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** A common myth about UsefulNotes/KentuckyFriedChicken (referenced in ''Literature/AmericanGods'') is that the chain's name [[http://www.snopes.com/horrors/food/kfc.asp was changed to KFC, because they're not legally allowed to include "Chicken" in the title.]] The rumors said that Yum! Foods, the umbrella company that owns KFC, Taco Bell, and Pizza Hut, had genetically engineered "Creature 57", variously suspected to be a headless and eight-legged chicken or some sort of shmoo-like monstrosity whose flesh could be processed in different ways to create the various meat-ish substances that their various chains use. For the record, they actually changed it because of the negative consumer connotations that went along with the word "fried". ([[http://www.snopes.com/lost/kfc.asp The competing claim]] that it's ''really'' because the state of Kentucky opportunistically trademarked the name looks legit right up until you notice that it's filed under "[[FunWithAcronyms The Repository Of Lost Legends]]".)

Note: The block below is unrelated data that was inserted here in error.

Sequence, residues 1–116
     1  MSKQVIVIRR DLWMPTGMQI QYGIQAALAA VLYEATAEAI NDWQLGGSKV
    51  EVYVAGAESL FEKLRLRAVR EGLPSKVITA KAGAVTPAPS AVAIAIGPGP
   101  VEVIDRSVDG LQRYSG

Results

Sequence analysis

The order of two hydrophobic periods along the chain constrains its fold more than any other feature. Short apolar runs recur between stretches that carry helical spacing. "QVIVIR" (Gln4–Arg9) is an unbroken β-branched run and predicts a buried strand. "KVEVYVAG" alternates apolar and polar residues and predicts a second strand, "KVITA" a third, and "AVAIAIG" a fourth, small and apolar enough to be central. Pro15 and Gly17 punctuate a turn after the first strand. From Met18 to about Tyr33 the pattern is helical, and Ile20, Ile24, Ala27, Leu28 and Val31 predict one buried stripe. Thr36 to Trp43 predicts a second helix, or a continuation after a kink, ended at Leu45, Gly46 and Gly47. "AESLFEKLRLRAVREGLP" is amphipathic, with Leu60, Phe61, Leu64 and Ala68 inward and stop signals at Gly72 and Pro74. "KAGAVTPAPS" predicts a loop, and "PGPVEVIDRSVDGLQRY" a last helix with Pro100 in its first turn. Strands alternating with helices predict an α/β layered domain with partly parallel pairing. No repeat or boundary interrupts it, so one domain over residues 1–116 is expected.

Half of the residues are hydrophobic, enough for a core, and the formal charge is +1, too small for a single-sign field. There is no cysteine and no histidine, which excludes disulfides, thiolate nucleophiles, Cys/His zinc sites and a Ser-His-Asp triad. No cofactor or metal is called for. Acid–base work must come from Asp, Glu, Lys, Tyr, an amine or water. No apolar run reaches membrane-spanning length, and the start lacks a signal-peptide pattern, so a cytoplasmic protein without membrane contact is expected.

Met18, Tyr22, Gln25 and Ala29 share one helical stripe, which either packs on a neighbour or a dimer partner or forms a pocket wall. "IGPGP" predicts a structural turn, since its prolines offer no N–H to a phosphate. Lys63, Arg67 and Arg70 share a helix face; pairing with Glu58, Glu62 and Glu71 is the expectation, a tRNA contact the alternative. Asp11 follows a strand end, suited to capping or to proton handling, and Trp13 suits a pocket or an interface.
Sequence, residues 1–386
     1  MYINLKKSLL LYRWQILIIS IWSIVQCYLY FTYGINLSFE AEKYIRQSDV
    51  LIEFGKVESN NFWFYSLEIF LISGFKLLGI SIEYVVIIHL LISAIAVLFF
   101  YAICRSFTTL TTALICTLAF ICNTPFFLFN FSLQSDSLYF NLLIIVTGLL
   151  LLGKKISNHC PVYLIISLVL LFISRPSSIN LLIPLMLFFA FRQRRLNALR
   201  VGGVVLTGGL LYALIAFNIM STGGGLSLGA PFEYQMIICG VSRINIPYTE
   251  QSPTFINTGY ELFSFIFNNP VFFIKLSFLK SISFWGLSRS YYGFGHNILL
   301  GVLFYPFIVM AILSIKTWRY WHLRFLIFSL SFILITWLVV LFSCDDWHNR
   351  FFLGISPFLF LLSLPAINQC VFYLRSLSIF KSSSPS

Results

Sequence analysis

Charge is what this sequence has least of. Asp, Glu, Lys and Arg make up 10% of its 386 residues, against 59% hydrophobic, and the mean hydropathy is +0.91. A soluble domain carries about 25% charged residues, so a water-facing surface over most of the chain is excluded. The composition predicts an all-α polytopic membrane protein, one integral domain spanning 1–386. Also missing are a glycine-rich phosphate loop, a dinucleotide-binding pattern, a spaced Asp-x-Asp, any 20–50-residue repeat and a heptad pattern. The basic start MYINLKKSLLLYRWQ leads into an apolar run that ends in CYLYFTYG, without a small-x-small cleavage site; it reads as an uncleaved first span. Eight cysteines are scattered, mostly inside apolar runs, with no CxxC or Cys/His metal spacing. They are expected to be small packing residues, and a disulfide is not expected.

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** This is also becoming the case with bacon, and may affect ham, corned beef and other cured meats in the future.


* Hamburger vs. Ground Beef vs. Ground [whatever cut]. The main differences between the first two is whether or not any extra fat can be added. Both are made from leftover trimmings of various cuts, even high quality ones like prime rib. (With ground beef, no extra fat can be added. With hamburger, so long as the ''total'' fat does not exceed 30%, extra fat can be added from any cut.) With ground [whatever cut], all the lean and fat ''must'' [[ShapedLikeItself come from the specified cut]]. And then you get into "lean" and "extra lean" ground beef, which is about the ratio of fat to actual meat. That can be a trade-off; lean and extra-lean ground beef are lower in fat and cholesterol (which can be appealing to health-conscious consumers, but somewhat less flavorful than their "regular" counterparts.